explore icon
  • Hour glass icon4 minutes

Working at Stream Bio

Andy Chaloner discusses his work as Chief Executive Officer at Stream Bio.

  • Name: Andy Chaloner
  • Current position: Chief Executive Officer
  • Organisation: Stream Bio
  • Size of workforce: 9 employees
  • Date of interview: May 2020
Headshot of Andy Chaloner.

What key skills or mindsets do you need to build into your workforce to go further and grow? 

Commercial awareness – the first thing, for me, is that it’s vital for anyone I employ to have a commercial mindset. I need people who can understand the market application of what we are doing. I need someone who can identify opportunities and act on them in a timely way. 

We have a saying: “you waste a day, it’ll cost you a week; you waste a week, it’ll cost you a month”. When dealing with clients or partners, especially in an SME, you need to be responsive and quick. I would say the smaller the company, the more commercially minded you have to be. 

I want people who want to get our products out there and who are excited by our products being used in a range of new ways. For example, we are currently working on a joint venture which may see our products being used in new diagnostics for Covid-19. This is exciting! 

Secondly, I’d say that initiative is key – doing what you need to do without being told to do it. Don’t be afraid of making mistakes. Ask for forgiveness rather than permission. I’d rather someone make their own decision and make a mistake than need to be told what to do. 

Of course, we provide direction and support, but not the kind of regular supervision and processes that you would find in a larger organisation. In this way, you might compare working in an SME to a research group environment. 

Finally, we do need natural research scientists, we need people with curious minds and the ability to pursue questions and find those answers, all of those skills that a postdoctoral researcher may already have, but tempered with that commercial bent and keeping in mind the importance of initiative. 

What makes a prospective employee stand out to you during the recruitment process?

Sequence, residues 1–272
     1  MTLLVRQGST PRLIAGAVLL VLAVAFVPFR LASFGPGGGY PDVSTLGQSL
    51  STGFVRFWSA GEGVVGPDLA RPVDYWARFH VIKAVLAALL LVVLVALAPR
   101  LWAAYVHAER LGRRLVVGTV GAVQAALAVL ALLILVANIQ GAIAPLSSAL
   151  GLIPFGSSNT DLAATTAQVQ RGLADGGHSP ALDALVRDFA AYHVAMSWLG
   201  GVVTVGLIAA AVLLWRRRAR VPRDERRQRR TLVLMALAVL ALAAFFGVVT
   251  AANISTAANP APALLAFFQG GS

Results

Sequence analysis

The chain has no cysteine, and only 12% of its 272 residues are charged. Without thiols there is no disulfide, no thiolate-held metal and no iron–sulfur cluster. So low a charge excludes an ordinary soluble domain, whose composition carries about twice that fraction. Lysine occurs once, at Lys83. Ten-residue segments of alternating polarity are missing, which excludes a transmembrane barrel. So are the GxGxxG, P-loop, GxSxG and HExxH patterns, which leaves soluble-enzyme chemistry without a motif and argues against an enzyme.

Being able to talk freely and genuinely about instances/examples that aren’t on the CV that reinforce the qualities/skills sets we’re looking for, whether that be technical research ability in the lab, and quite importantly, a personality with natural initiative and proactive tendencies. By talking freely, I mean unrehearsed. 

It can be difficult to find people with the skillset we need, so when we are recruiting we tend to use a specialist agency. The agency will provide us with a selection of CVs for us to review and we narrow it down to a few to interview. The agency can save a lot of time but it would be great if postdocs with the right skillset were approaching me directly. 

At interview I like to understand people’s problem-solving skills. I’ll ask what they’ve done in the past, if they were given a task to do and something went wrong, what did they do to resolve the situation.

What are the common mistakes or pitfalls you see?

It's not a mistake as such but one of the hurdles we come across when interviewing is that people aren't necessarily the right fit for an SME.

Some people prefer the structure of a larger organisation and are better suited to all the processes and security that comes with that. We make it clear what the culture of our company is like at interview: you may have a specialism but because we are so small and dynamic you have to be a jack of all trades.


Refine image Refine Cross
Filter by: Unsure what to search for? Click here
130 minutes
Flash badge View notice(s)